MINORITIES: TV Stereotypes Ignore Dramas Of Life


This article originally appeared in Issue# 40-41

The media analysts are right. Television may be "the major educating and socializing institution in America." So what does it teach about minorities?

TV news offers glimpses into minority life and spotlights selected minority figures. At the same time, through movies and weekly series, fictional television provides a national peep show into an imagined multiracial America.

Over the years, television has featured four main types of minority characters — criminals, crime fighters, hustlers and family members, often comical or even bumbling.

TV teaches that racially complex America, particularly urban America, can be tough, dangerous, even deadly. It can be so in Miami, as seen on Miami Vice, where a multiracial vice squad, headed by a Latino, wages war against black pimps, Latino drug dealers, Asian smugglers and white killers. Minorities also lined up on both sides of the law-and-order struggle in TV's American Everycity of Hill Street Blues. But whether as lawbreakers or law enforcers, TV minorities are experts in violence. 

Some minority "good guys" operate on the fringes of the law, like the ominous Hawk in Spenser: For Hire. While whipping criminals and effecting justice (as he determines it), Hawk projects an aura of barely controlled violence (as well as a deep-seated distrust of white society).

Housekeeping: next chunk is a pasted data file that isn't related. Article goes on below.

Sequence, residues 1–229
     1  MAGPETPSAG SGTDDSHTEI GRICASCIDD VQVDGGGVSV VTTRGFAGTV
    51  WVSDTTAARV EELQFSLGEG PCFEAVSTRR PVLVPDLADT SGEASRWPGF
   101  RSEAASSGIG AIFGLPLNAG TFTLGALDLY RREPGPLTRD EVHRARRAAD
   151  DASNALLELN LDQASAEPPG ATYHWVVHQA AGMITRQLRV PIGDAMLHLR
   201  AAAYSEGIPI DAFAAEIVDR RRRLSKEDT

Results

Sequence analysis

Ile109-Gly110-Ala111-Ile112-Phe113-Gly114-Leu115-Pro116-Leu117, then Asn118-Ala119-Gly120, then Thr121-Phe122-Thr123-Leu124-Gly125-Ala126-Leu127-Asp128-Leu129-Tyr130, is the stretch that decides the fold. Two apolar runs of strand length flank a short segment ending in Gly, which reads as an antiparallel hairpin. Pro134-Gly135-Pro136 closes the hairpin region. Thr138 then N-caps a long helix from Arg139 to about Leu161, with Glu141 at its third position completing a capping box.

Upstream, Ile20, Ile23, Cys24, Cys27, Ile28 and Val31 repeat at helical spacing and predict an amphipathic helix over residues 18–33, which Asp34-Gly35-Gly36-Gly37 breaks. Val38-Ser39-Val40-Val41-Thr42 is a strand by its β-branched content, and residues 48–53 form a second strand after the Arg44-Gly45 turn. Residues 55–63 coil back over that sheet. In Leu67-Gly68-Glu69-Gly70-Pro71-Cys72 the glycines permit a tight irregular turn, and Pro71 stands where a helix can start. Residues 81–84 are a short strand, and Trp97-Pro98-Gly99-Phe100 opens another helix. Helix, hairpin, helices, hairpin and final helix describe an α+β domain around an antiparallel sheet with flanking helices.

To get by in America, TV minorities have learned to hustle. Kingfish and his Amos 'n' Andy pals would hustle anyone for a quick and dirty buck. The same goes for Chico (despite The Man) and both Sanford and Son. And now we have L.A. Law's slick, sly Victor Sifuentes, the ultimate courtroom con man, though still in touch with his principles.

And what about minorities as family folks, TV's living proof that they have arrived? Julia (Diahann Carroll), The Jeffersons, and now Bill Cosby spread the lesson that blacks can make it economically, if they just try hard enough. Sometimes minorities even achieve social integration. After all, hot-tempered, English-garbling Cuban bandleader Ricky Ricardo (Desi Arnaz) had an Anglo wife (Lucille Ball).

But something's missing. According to most fictional TV, minority poverty seems to be a thing of the past. Likewise, the problems of prejudice and discrimination. The Great Society has arrived. Who needs affirmative action? But the real people who get up and go to work, struggle to raise their families decently, and are neither affluent nor crooks - those we never get to see...

So there you have it...fictional TV's multiracial America. With discrimination and poverty now part of history, Americans can live comfortably ever after...as long as they keep their eyes and ears open for minority crooks, hustlers, and violent cops. And the other real minorities — the ones who are living lives that include watching their criminal and big-bucks counterparts on television — stay invisible on their side of the screen.

Author Bio: 

Carlos Cortes is Professor Emeritus of history at the University of California, Riverside. His most recent books, The Children are Watching: How the Media Teach about Diversity (2000) and The Making - And Remaking - Of a Multiculturalist (2002), were published by Teachers College Press. He is co-author of the Houghton Mifflin Social Studies series (2005) and Cultural Consultant for Nickelodeon's Peabody-award-winning children's series, "Dora the Explorer", while he also performs his one-person, one-hour autobiographical play, A Conversation with Alana: One Boy's Multicultural Rite of Passage".